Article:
Numerous conditions can narrow nerve space within the spine, leading to painful pinching or compression of the involved nerve root. This nerve pinching is known as radiculopathy in the medical world.
Depending on which nerves are affected, radiculopathy can interfere with your mobility and spread pain into your head, shoulders, arms, chest, or legs.
Dr. John S. Michels is an award-winning pain management physician with a thriving practice in the Dallas-Fort Worth area of Texas. As a previous Super Bowl champion who suffered a career-ending injury, Dr. Michels also has a unique perspective on the many benefits of solving pain by targeting its source.
Check these facts from Dr. Michels about radiculopathy and the nonsurgical treatments he offers to get you moving and living pain-free again.
How do you know it’s radiculopathy?
The type of symptoms you’re experiencing and their location often suggest radiculopathy. Along with pain at the site of nerve root compression, radiculopathy can cause symptoms anywhere along the irritated nerve’s distribution.
For instance, sciatica is a common condition caused by sciatic nerve compression (lumbar radiculopathy). The sciatic nerve splits and exits the spinal column in the lower back, traveling down the backs of both thighs and calves to the feet.
The nerve branches out at several points along its journey, bringing sensation and movement to the hips, pelvic region, buttocks, and lower extremities.
Thus, sciatica can cause symptoms in any of those areas and may occur on one or both sides. At its worst, it can also affect bowel and bladder function.
Otherwise, your symptoms vary depending on which area of the spine is affected. For example, cervical (neck) radiculopathy symptoms tend to radiate into the shoulders and arms.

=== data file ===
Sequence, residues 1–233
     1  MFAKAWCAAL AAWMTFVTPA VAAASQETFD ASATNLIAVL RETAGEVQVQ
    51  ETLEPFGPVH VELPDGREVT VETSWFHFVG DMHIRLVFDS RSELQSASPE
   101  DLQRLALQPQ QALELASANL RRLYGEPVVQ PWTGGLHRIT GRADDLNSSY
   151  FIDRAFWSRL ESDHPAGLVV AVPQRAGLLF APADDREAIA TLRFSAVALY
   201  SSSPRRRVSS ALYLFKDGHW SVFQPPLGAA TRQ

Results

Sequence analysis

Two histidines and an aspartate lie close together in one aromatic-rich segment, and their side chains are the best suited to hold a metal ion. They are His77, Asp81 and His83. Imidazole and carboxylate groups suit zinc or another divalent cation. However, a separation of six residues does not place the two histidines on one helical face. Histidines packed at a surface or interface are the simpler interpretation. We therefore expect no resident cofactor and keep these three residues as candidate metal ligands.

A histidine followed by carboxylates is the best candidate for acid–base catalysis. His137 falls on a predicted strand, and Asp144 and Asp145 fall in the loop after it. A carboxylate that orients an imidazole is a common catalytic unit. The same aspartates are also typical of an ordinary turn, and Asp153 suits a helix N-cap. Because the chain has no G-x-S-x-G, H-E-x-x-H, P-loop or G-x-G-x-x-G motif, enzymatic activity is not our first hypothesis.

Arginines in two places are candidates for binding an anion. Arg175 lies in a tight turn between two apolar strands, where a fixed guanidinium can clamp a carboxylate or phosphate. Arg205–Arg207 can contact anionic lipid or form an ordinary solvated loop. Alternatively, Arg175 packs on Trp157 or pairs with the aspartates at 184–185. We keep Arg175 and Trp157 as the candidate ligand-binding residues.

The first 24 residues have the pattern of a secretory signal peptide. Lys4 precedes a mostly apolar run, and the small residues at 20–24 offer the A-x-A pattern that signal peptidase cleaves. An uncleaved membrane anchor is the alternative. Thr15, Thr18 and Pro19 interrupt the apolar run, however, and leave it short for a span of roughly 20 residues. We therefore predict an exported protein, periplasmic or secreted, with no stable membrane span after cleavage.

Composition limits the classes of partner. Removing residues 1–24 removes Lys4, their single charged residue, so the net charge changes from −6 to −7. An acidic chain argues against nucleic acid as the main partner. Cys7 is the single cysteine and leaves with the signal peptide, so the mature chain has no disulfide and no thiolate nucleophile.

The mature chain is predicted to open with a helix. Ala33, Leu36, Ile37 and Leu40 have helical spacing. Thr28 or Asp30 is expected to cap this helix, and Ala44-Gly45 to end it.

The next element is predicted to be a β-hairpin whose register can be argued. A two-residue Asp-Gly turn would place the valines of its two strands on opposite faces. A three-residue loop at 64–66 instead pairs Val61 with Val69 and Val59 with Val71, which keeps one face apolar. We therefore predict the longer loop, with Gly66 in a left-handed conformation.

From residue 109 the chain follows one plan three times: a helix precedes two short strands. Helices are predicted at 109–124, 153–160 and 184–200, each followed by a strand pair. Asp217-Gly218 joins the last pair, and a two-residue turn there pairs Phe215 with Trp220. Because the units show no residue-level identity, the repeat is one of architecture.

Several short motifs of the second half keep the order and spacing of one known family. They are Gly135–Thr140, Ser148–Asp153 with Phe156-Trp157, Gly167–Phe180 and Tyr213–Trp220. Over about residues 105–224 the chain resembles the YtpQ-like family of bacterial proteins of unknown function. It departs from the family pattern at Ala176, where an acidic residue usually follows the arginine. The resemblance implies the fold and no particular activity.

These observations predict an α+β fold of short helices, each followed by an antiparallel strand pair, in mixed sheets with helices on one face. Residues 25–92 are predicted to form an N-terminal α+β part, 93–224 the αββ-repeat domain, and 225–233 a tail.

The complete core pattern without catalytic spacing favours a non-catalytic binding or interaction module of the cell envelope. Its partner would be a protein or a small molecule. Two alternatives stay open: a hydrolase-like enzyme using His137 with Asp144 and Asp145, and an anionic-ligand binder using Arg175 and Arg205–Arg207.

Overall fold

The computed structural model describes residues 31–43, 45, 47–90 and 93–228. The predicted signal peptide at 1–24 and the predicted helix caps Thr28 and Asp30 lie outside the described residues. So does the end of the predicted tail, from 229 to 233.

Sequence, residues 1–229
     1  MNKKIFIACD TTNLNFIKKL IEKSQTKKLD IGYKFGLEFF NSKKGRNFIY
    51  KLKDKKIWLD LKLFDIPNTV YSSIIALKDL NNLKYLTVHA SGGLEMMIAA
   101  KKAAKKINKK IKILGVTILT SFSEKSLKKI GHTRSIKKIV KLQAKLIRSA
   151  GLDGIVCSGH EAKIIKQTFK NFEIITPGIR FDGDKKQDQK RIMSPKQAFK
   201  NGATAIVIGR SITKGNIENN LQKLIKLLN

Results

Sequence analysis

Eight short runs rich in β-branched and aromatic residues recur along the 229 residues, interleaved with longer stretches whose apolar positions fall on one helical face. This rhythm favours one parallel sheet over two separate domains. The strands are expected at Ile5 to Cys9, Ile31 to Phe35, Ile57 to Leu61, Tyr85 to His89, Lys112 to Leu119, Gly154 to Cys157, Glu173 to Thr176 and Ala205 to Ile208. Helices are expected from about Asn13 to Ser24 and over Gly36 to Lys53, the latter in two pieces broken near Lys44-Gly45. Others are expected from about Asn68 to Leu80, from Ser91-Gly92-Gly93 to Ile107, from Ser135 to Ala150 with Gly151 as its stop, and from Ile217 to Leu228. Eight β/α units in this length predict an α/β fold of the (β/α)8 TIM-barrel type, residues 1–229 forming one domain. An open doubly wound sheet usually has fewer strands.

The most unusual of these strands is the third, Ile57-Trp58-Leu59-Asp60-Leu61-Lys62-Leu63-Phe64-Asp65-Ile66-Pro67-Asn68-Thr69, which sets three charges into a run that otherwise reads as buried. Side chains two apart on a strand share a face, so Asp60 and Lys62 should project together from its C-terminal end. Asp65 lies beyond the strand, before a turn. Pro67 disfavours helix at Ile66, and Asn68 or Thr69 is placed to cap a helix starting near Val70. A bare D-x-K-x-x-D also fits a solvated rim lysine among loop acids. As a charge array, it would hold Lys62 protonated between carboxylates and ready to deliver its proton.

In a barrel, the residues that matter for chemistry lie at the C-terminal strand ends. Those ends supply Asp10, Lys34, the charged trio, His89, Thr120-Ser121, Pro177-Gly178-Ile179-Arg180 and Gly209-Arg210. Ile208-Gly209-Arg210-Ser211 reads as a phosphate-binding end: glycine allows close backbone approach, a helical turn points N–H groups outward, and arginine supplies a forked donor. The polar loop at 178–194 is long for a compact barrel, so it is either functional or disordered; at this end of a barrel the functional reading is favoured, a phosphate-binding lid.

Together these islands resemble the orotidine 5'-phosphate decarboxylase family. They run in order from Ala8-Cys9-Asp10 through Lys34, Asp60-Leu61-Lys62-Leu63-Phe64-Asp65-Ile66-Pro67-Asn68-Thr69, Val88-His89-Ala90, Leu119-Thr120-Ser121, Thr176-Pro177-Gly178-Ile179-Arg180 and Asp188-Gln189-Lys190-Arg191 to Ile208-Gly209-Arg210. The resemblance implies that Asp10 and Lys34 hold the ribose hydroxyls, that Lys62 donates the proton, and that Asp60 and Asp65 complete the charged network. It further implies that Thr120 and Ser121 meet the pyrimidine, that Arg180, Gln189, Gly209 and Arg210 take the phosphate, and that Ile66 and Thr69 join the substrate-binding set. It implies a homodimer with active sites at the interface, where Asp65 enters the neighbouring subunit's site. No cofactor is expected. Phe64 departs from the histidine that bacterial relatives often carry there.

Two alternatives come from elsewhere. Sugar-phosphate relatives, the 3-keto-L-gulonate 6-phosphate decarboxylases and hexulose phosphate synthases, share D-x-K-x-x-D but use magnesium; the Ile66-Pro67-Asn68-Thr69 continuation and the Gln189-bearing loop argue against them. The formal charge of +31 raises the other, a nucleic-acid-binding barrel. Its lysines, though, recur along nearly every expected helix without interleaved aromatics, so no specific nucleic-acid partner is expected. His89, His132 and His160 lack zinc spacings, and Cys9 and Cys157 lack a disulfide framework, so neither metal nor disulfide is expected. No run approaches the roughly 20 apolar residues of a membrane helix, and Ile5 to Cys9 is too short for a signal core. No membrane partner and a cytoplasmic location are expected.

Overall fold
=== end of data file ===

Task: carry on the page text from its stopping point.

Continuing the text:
On the other hand, thoracic (mid to upper back) radiculopathy can cause symptoms that wrap around your sides to the chest.
Symptoms related to radiculopathy include:
- Moderate to severe pain at the site of the compressed nerve
- Sharp, shock-like pain that can travel along the nerve
- Tingling and numbness in the affected regions
- Muscle weakness in the arms or legs
- Altered reflexes in the affected extremities
- Difficulty walking
- Loss of bowel or bladder control (requires urgent medical attention)
During your initial evaluation, Dr. Michels carefully reviews your symptoms, performs a physical exam, and obtains imaging studies to identify underlying conditions causing the nerve root compression.
What is causing my radiculopathy?
Injury sustained during a car accident, fall, or other trauma can lead to radiculopathy. But it’s most often related to chronic (long-term) conditions such as:
Facet joint arthritis
Osteoarthritis can affect the tiny facet joints that hinge vertebrae together in the spine.
Arthritis-related joint swelling and stiffness can narrow the small openings (foramen) between the joints through which nerves exit the spinal column. The narrowed opening can pinch and irritate nerve roots.
Degenerative disc disease
Discs are round, rubbery structures that sit between the vertically stacked bones (vertebrae) in the spine. They act as cushions between the vertebrae and help maintain proper spacing between structures in the spinal column.
Degenerative changes related to aging or overuse cause the intervertebral discs to flatten and dry out or sometimes slip out of place. These changes can cause misalignment of the spine and impinge on nearby nerves.
A herniated disc occurs when the inner jelly-like core pushes through the disc’s more rigid outer layer. The resulting bulge can crowd and compress nerves. Discs can also slip out of place (spondylolisthesis) and pinch nearby nerves.
Stenosis or narrowing of the spinal canal may result from disc disease, facet joint arthritis, or other conditions affecting the spine.
For instance, bone spurs often form because of bone rubbing against bone in the case of arthritis or moderate to severe disc disease. When the spurs grow toward the spinal canal, they can narrow it and cause radiculopathy.
For radiculopathy that doesn’t respond to home care measures such as ice, heat, and over-the-counter pain relievers, Dr. Michels may recommend one or more of the following treatments:
- Oral corticosteroids to reduce inflammation
- Epidural steroid injections to relieve inflammation and pain
- Neuromodulation (spinal cord stimulation) to block pain signals to the brain
- Facet joint injections
- Radiofrequency nerve ablation
- Regenerative medicine therapies
- Nerve blocks
Once these treatments relieve your pain, Dr. Michels may also recommend a guided physical therapy and rehab program to restore strength and flexibility and help prevent future problems.
Schedule an evaluation with Dr. Michels today by calling our office or requesting an appointment online.